8.Victoria Royals:The ranking of eight with Victoria scares me due to the increasing amount of uncertainties around roster deployment. On the surface I'm convinced if Victoria returns all of their pieces that are eligible then it's within reason that they could compete with Kelowna for the B.C division crown but on the other hand if those surrounded with the clouded future don't get returned to the Island then this particular rendition will be better situated around the ten to twelve position. The pleasant attribute about the Royals last year was that the younger players on the team, the bottom six forwards and bottom defence pairing were immediately proficient in their own end but the trick this year will be if some of them can contribute on the score sheet.The Royals were very top heavy a year ago and that'll have to change as the less headway perennial superstar Matthew Phillips is privy to the more first year Head Coach Dan Price will be reliant on the likes of Eric Florchuk and Kaid Oliver, two individuals that struggled to remain in the good graces of Dave Lowry who was notorious for strictly depending on two lines. O and did I mention that the status of Tyler Soy remains up in the air? Not a more difficult organization to pin down a placement.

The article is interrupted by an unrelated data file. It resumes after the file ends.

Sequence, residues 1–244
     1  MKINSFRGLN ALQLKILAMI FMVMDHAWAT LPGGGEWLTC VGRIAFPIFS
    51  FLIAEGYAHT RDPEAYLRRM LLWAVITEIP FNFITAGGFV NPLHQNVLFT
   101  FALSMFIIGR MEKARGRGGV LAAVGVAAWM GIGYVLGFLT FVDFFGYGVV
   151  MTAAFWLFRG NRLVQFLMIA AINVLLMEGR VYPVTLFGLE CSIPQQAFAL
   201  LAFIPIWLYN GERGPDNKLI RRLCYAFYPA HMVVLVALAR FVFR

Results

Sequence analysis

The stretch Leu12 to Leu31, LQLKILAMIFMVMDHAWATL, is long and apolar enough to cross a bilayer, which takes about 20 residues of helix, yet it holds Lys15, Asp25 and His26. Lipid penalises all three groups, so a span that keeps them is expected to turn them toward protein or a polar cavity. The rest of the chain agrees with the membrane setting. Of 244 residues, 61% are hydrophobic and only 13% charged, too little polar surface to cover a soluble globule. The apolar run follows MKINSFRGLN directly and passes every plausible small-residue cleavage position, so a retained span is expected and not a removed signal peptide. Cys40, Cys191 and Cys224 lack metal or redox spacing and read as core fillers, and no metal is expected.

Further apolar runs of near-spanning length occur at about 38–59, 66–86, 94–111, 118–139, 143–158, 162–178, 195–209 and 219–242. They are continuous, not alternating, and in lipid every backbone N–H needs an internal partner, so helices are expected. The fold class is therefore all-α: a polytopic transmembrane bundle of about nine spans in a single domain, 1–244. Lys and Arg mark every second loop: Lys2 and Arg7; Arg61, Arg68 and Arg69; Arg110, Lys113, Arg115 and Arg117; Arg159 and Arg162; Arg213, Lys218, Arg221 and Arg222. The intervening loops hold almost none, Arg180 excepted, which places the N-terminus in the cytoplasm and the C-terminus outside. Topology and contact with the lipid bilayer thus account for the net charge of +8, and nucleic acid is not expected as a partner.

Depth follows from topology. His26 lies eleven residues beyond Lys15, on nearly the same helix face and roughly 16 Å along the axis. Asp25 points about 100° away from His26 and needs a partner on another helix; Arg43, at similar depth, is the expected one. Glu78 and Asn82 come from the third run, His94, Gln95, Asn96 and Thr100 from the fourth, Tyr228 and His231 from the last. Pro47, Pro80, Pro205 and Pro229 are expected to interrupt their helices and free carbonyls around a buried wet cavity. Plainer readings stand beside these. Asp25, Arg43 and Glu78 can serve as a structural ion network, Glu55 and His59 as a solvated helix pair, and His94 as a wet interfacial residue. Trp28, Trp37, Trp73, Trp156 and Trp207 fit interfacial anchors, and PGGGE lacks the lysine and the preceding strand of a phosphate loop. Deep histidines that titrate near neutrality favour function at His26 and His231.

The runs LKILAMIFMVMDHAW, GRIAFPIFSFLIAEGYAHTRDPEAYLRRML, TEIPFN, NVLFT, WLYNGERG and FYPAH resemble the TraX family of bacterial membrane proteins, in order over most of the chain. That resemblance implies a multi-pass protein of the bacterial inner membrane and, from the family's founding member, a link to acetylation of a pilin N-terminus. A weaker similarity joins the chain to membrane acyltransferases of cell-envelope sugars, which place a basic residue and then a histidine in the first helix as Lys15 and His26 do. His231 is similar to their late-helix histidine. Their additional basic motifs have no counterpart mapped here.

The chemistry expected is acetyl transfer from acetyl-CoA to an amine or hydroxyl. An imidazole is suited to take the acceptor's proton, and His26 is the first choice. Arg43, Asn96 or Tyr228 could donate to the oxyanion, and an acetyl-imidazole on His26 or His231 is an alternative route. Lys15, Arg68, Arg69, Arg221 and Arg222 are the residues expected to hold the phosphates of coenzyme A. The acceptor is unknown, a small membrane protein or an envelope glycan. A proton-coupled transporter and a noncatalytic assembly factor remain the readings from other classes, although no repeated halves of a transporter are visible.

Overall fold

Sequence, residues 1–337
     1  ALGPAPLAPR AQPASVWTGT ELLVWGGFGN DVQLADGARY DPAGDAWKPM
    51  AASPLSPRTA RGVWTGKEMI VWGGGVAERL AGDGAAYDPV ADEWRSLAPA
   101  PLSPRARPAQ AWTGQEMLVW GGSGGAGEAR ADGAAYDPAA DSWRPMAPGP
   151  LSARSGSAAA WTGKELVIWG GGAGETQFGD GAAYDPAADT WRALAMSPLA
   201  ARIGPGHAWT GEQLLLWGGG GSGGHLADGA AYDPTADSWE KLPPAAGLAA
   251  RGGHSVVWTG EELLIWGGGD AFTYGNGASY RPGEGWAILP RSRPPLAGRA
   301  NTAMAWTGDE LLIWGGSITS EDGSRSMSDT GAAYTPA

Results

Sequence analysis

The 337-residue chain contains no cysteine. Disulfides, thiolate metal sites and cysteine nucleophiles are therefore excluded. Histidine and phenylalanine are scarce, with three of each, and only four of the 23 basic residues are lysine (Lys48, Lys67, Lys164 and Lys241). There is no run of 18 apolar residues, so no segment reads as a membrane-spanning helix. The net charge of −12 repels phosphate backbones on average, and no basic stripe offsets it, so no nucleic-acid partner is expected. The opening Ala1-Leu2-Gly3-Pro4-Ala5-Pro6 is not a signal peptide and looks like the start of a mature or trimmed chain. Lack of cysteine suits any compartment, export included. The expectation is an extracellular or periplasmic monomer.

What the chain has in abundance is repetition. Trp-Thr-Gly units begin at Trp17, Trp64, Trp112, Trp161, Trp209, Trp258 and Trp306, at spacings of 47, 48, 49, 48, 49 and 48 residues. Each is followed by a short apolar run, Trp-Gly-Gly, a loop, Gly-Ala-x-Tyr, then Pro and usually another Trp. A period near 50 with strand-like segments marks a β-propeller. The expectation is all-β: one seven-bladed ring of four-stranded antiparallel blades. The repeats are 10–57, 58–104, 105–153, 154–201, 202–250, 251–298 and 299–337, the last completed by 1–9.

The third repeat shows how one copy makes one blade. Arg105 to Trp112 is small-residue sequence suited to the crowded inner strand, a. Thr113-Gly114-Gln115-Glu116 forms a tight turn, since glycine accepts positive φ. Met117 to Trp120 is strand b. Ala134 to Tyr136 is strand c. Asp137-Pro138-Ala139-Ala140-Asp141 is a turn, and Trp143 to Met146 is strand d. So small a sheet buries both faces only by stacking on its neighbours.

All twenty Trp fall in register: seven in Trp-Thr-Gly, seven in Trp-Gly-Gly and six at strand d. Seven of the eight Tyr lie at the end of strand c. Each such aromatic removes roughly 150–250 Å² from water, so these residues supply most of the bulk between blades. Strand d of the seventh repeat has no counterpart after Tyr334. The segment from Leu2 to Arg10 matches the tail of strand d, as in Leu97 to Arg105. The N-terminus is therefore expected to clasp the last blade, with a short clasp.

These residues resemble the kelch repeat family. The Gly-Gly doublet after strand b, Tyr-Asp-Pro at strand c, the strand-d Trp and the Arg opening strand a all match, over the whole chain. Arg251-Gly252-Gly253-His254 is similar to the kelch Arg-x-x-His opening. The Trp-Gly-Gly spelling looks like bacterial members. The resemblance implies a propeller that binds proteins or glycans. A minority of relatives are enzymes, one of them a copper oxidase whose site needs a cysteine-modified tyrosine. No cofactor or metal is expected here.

I know the following should be centered around the forwards and in a roundabout way it but as I implied in the opening the fact that this Royal regiment was so top heavy falls squarely on the shoulders of the former coaching staff for which I'm aware Dan Price entered the bench as a first year assistant a year ago but the defincicies this team is destined for are a result of some of the younger forwards, I mentioned a couple in Oliver and Florchuk who essentially rode the pipe and had their development stunted. I still think the former thirteenth overall pick Fort Saskatchewan native has high potential but in reality for the sake of long term production would've been better served spending another year in Midget as opposed to sputtering on the fourth line, receiving in the ball park of seven to eight minutes a night. The coaching presence on Lowry who I know has moved on to the Los Angeles Kings struck me as a coach who sided with veterans with merit or not wasn't in the business of furbishing future Royals. An apt comparison when comparing this within Western Hockey League circles would be former Kootenay Ice head coach and more recently Erie Otters bench boss Kris Knoblauch. The 2010-2011 championship version of the Ice was an antagonistic bunch that was a nuisance to play against with their relentless speed and their penchant for skating right on that fine line between discipline and senselessness judging from the vast amount of penalty minutes it accumulated. The game wasn't as free flowing as it presently is but nonetheless they teetered that line whilst using intimadation tactics all the way to the Ed Chynoweth Cup. You're reflecting internalizing that a league championship was won so where there's no harm there's no foul which looking at short term stands correct but where the shortsightedness stemmed from was that particular team trotted out three lines the entire regular season through the playoffs and the few kids that were kept around for the run sans Sam Reinhart were stymied in complacency, they weren't getting any better. Adam Rossignol and Erik Benoit had high pedigree rising into the major junior ranks but were spectators for the first two years which in a convoluted way set the Ice on path they've been on for the last six years. The difference between this regime in Victoria and that nucleus in Cranbrook was a league championship. No one is questioning the Royals' competence over this stretch as they've fielded competitive teams but I just hope Lowry' s insistence to ride the veterans hasn't set new Head Coach Price back too far. Speed game has been prevalent on the Island with the now graduated Jack Walker getting the bulk of recognition in that facet but the speed skating torch if you will has been passed over to Dante Hannoun. Hannoun, the modern day Colton Yellow Horn doesn't pack a big punch, a 'McGregor punch' if you will but boy can he fly.. For me in my viewings of Hannoun he has trouble mapping together a sixty minute game. When Dante is engaged in the play and showing emotion by throwing the body around every once in a while there ain't many better but when he settles for being a perimeter player scoring chances aren't being created. The interesting thing about Hannoun is his playing style is eerily similar to Matthew Phillips and because Matthew has forged a much more consistent career to date you begin to question if that's the reason he's been bypassed the last two NHL drafts. His numbers, fifty eight in 2015/2016 jumping up to sixty four last season are the type of output that should go hand in hand with a NHL draft selection. The stance most scouts are conceivably taking is because Hannoun is playing second fiddle to Phillips which can't be denied that he's drawing preferable assignments which again can't be argued but my rebuttal to that is what can you change? Unfortunately even though at it's core the Canadian Hockey League prides itself on development it's also a business and for ownership to prosper financially it needs to field a winning product which is why the legitimate hockey fan would know that getting Dante off the second line and permamently clearing a position beside Matthew would pad his stats because by virtue of doing this you've decimated any semblance of depth.Besides Phillips and Hannoun on together 5 on 5 isn't practical as although they're both world class players some sand paper is needed for puck retrieval. Look at the peculiar alignment of Sam Steel and Dawson Leedahl. Dawson could come nowhere near the skill level of Sammy in fact I'm not even sure Dawson could go toe to toe with infamous enforcer John Scott. These examples are being cited to illustrate that the dream alignment of Phillips and Hannoun may be desirable to the fan base but Coach Price will know that he'll need the two of them to lead their own lines especially if Tyler Soy doesn't return.